“We need more authority to be able to tell health care providers, health insurance companies, that they must do a better job of communicating with their patients,” said Becerra. “And with those additional authorities that Congresswoman Meng could provide us, we have more leverage to try to move in that direction.”
Moore also noted that there is rarely accessibility in languages from the African continent. And indigenous languages, which are spoken by many new migrants arriving from Central and South America, are even harder to find translators for.
To address this inequality, his team created three language access cooperatives: one for African languages, Asian languages and one dedicated to Central and South American indigenous languages. Immigrants who need access to information in a language of limited diffusion, may not be able to get it from city services, but can rely on groups like New York Immigration Coalition to support them with translated resources.
A big chunk of the discussion was devoted to mental health, which has risen to a level of prominent awareness and resulted in an increase in funding from federal, state and local governments. While Becerra pointed out that the federal government does not control or manage healthcare, it does have the power to work with states in guiding new initiatives.
He discussed the wide impact that 988, a centralized phone number for mental health crises that connects people with local suicide and crisis hotlines, has had across the country. Over two million people called or texted 988 within its first six months of operation, indicating a significant demand for crisis level mental health assistance, according to officials.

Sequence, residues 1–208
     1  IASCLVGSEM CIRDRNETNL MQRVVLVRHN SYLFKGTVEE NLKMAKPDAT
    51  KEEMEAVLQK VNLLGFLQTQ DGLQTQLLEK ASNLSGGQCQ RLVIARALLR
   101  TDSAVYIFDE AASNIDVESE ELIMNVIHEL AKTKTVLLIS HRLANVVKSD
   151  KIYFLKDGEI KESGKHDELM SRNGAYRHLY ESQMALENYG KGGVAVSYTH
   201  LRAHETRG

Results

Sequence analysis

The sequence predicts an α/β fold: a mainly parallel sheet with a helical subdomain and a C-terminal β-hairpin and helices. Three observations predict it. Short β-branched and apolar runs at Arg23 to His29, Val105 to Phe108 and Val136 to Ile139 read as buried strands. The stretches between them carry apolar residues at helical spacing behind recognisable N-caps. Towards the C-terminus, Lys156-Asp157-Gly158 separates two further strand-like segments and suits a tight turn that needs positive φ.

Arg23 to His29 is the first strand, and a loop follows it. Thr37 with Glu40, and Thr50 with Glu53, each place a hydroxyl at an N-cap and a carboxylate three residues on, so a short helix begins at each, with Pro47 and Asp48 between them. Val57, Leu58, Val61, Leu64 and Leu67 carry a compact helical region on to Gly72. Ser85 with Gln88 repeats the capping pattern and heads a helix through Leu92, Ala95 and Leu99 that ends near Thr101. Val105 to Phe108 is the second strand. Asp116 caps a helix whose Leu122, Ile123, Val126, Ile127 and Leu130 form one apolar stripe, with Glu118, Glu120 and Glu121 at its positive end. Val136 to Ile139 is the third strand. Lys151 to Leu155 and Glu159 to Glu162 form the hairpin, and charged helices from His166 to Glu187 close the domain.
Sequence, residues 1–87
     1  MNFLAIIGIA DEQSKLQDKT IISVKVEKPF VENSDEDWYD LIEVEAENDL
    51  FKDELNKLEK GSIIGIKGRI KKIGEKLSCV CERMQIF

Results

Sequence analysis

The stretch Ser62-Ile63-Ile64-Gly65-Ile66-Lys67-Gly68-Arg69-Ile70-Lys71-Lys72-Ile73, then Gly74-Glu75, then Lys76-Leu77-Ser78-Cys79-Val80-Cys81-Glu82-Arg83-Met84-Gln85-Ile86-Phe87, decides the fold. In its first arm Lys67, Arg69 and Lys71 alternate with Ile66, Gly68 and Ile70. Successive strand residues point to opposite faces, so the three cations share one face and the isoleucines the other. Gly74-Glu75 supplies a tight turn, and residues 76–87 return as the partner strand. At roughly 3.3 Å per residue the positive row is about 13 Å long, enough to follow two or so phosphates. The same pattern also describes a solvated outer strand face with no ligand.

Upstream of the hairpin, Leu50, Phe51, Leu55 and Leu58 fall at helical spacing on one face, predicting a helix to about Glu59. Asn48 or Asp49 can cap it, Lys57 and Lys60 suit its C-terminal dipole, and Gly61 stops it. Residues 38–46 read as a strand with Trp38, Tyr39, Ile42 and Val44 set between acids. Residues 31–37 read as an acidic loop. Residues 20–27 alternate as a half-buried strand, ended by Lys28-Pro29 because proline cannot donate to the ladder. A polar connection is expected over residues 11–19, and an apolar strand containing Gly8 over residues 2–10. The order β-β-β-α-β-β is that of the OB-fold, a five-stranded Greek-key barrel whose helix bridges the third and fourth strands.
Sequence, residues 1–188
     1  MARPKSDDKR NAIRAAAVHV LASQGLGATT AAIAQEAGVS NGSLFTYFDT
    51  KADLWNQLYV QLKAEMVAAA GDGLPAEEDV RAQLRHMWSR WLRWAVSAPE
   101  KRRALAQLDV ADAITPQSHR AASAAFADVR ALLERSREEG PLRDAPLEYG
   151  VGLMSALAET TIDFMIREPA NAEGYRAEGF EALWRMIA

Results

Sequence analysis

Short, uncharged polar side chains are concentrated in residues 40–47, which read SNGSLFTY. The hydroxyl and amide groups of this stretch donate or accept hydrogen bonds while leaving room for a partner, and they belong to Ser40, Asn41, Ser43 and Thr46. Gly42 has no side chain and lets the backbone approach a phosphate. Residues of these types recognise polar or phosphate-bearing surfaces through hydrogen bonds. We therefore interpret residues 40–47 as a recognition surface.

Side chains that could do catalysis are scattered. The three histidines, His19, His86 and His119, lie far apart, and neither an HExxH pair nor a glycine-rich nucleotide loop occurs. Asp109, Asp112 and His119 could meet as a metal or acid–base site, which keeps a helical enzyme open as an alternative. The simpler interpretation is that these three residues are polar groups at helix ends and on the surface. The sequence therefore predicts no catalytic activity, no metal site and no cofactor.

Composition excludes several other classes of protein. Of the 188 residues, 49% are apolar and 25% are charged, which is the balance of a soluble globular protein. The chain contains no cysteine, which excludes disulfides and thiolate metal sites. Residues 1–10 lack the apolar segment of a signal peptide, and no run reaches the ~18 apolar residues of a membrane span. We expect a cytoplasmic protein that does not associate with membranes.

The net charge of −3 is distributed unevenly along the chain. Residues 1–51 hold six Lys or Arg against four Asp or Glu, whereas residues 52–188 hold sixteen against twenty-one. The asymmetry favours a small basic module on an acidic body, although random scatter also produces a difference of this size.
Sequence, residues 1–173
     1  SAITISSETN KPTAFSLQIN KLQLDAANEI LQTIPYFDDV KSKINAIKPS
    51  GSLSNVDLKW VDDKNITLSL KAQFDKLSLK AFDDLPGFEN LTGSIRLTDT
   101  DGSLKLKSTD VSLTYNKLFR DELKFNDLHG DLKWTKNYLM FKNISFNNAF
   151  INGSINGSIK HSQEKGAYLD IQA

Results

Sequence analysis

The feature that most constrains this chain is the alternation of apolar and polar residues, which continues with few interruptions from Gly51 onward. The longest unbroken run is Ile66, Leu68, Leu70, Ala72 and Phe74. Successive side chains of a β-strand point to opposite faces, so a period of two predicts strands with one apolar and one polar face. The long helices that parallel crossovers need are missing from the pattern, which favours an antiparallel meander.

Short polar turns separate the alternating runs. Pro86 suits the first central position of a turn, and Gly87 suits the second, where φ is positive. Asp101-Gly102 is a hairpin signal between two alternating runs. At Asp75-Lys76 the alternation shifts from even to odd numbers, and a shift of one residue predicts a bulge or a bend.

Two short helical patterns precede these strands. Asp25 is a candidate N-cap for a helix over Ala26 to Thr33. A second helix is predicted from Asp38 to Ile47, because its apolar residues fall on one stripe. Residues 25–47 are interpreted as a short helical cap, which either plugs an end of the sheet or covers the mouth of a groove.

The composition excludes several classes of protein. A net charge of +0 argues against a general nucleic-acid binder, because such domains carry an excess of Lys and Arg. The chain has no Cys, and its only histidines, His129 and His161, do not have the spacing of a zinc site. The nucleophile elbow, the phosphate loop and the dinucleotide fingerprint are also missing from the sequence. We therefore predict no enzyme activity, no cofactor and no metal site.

Some call centers have Spanish speaking staff members, but an official Spanish speaking line is still in the process of being established. Becerra said that in the future, he hopes the service will be able to offer more languages.
“A lot of the times when providers are talking to the patient, they’re talking to translation services, they’re not looking at the patient’s eyes,” said Carmen Garcia, Community Health Worker at Make the Road. “And that is very important because those people want to be seen and we also want to see eye to eye and understand.”
In her experience working with patients who speak a different language, she notices that translators do not always translate in the way that she asks her questions. Garcia says that she will use motivational interviewing techniques and applications to try to get to the root issue of patients’ distress, which get lost in translation.
Garcia, and other advocates present, shared that expanded recruitment and retention of healthcare staff that speaks the languages of the community members they serve should be prioritized. Besides language, an awareness of cultural backgrounds and circumstances can be just as important when delivering healthcare services.
“Prioritizing and promoting equitable access to language assistance for health services to people with limited English proficiency is crucial for our immigrant neighborhoods, and I am excited to partner with Secretary Becerra on this effort,” said Congresswoman Meng. “I thank the Secretary for returning to Queens to shine a light on the importance of language accessibility in our healthcare system.”
Congresswoman Meng also introduced the bipartisan Mental Health Workforce and Language Access Act in 2021, which would establish a grant program to deliver federal funds to community health centers to recruit and employ bilingual behavioral health specialists. The current retention gap has been attributed to a lack of competitive salaries compared to private hospitals, and high rates of burnout in the healthcare field.
“It doesn’t matter if you have access to coverage, if the person next to you doesn’t,” said Moore. “Quite frankly, you’re in the same boat as them and we’re all in this together.”